Britain will no longer pursue green energy at all costs and will instead make keeping the lights on the top priority, Amber Rudd, the energy secretary, will vow this week. Households already face paying over-the-odds for energy for years to come as a result of expensive subsidies handed out to wind and solar farms by her Labour and Lib Dem predecessors, Ms Rudd will warn. a major speech setting out a new strategy, the energy secretary is expected to say that from now on, policies will balance “the need to decarbonise with the need to keep bills as low as possible”.“Energy security has to be the first priority. It is fundamental to the health of our economy and the lives of our people,” she will say. —Emily Gosden, The Sunday Telegraph, 15 November 2015
India has blocked G20 efforts to pave the way for an ambitious climate change accord in a sign of deep divisions just two weeks before delegates from almost 200 nations meet in Paris. Through almost 20 hours of talks at the G20 gathering in Turkey officials struggled to bridge a political chasm even over language suggesting a common problem required a collective solution. A senior EU official at the meeting of world leaders in Antalya said: “At certain times I was feeling that we’re not living on the same planet.” Most significantly India and Saudi Arabia opposed the inclusion of a reference in the G20 statement to the need to discuss a “review mechanism” that the EU and many economies say must be a central feature of the accord. If other big economies follow suit, the weakening of the final accord would raise doubts about the UN’s ability to do anything to combat climate change. —Alex Barker and Pilita Clark, Financial Times, 16 November 2015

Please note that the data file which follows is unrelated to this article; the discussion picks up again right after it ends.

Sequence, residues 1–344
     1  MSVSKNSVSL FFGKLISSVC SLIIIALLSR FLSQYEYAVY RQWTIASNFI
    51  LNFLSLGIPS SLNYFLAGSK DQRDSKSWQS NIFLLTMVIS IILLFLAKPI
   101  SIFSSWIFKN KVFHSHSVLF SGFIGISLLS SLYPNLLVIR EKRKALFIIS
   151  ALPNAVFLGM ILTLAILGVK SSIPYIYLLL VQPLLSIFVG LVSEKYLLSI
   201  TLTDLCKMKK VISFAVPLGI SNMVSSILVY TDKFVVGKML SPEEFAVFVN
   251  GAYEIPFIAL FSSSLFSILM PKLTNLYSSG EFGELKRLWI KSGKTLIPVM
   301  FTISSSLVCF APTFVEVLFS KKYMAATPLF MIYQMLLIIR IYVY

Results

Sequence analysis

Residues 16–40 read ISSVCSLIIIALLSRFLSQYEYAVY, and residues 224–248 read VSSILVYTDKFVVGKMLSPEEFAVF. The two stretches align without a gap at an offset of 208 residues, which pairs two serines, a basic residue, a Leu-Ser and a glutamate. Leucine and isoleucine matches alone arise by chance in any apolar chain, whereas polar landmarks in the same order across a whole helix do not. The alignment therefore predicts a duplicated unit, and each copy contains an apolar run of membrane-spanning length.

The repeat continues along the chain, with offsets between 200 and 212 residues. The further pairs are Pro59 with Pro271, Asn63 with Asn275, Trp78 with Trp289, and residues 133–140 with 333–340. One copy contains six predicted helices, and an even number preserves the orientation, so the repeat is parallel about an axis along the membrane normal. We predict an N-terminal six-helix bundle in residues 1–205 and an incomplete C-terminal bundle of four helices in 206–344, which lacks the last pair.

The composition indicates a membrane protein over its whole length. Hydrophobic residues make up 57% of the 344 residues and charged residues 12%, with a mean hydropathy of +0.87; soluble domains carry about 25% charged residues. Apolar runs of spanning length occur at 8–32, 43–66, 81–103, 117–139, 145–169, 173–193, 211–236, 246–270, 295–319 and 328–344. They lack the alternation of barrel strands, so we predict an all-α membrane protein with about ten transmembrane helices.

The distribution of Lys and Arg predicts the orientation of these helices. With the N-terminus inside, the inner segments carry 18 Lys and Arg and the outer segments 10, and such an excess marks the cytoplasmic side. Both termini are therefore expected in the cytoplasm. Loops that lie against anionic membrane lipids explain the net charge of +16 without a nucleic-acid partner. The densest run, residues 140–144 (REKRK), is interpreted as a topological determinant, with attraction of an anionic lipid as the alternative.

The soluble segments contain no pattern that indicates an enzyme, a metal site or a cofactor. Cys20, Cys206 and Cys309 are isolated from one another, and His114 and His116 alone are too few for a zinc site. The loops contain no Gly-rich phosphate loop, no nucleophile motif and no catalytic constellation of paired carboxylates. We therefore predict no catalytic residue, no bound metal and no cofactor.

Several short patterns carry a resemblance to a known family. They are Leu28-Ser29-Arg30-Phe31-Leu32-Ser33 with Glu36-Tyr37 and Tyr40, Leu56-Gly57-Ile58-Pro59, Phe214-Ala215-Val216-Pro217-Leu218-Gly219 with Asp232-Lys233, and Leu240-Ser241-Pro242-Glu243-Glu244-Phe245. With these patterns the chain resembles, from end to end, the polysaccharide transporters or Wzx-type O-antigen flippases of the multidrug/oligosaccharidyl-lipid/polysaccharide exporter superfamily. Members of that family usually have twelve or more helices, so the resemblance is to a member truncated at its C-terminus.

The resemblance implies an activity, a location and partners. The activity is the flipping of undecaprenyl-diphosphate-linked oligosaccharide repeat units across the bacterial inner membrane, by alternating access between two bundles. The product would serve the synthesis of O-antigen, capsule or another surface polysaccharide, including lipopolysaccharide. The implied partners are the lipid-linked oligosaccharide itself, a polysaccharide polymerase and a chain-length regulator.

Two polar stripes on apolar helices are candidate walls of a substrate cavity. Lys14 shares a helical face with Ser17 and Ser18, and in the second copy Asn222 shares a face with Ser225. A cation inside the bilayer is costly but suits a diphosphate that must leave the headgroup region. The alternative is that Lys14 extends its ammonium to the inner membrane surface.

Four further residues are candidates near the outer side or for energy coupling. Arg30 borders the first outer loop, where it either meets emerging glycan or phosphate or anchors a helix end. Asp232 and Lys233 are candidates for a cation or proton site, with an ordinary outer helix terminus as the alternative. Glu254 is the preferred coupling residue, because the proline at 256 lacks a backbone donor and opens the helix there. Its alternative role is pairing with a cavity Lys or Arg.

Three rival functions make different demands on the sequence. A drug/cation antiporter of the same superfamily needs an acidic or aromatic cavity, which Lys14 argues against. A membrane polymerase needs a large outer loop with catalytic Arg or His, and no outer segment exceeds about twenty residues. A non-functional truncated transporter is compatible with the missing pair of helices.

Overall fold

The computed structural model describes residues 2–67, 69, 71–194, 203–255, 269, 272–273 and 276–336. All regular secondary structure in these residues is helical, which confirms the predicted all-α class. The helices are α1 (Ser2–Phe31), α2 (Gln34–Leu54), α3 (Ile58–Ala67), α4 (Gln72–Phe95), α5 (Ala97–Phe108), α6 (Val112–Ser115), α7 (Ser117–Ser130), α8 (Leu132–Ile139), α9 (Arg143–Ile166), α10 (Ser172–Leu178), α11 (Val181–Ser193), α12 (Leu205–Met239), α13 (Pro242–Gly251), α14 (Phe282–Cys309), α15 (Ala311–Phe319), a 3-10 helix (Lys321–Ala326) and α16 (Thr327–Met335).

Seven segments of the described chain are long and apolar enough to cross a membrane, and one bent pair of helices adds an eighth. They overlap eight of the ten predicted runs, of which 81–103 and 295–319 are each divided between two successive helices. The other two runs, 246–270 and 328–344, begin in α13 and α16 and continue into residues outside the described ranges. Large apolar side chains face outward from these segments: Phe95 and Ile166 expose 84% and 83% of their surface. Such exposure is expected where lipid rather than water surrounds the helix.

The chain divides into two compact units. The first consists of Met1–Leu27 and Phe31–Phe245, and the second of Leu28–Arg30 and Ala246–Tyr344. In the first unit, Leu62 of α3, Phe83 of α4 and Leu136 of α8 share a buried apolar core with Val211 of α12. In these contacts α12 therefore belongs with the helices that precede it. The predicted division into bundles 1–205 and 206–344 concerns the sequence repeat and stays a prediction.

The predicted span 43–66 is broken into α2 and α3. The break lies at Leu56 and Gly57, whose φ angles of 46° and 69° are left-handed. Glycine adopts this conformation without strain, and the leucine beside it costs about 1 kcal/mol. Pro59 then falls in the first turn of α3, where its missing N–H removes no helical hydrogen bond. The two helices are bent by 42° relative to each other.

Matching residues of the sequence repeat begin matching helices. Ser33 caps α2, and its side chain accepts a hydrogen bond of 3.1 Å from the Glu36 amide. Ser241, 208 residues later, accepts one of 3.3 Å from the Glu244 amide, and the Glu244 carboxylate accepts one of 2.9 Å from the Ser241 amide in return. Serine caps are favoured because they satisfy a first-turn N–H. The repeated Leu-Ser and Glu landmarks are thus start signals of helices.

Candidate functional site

Speaking for developing countries, in his address to the G-20 Leaders, Prime Minister Modi will voice strong objections to the environment and social safeguards standards being pushed by the World Bank and other multilateral agencies for project finance and loans. He will call for a balance at the Conference of Parties (COP) 21 December talks in Paris so that development is not compromised as a result of the focus on climate change. Mr. Modi is also expected to emphasise that the commitment from the developed countries to make available from 2020 $100 billion of climate finance every year to developing countries has to be ensured and a road map for this should be laid down over the next five years. — Puja Mehra, The Hindu, 15 November 2015
In the first nine months of this year, state-owned companies received preliminary or full approval to build the 155 coal power plants that have a total capacity of 123 gigawatts, the report said. That capacity is equal to 15 percent of China’s coal-fired power capacity at the end of 2014. The construction boom — with capital costs estimated by Greenpeace at $74 billion — is a clear sign that China remains entrenched in investment-driven growth, despite promises by leaders to transform the economic model to one based on consumer spending. —Edward Wong, The New York Times, 11 November 2015
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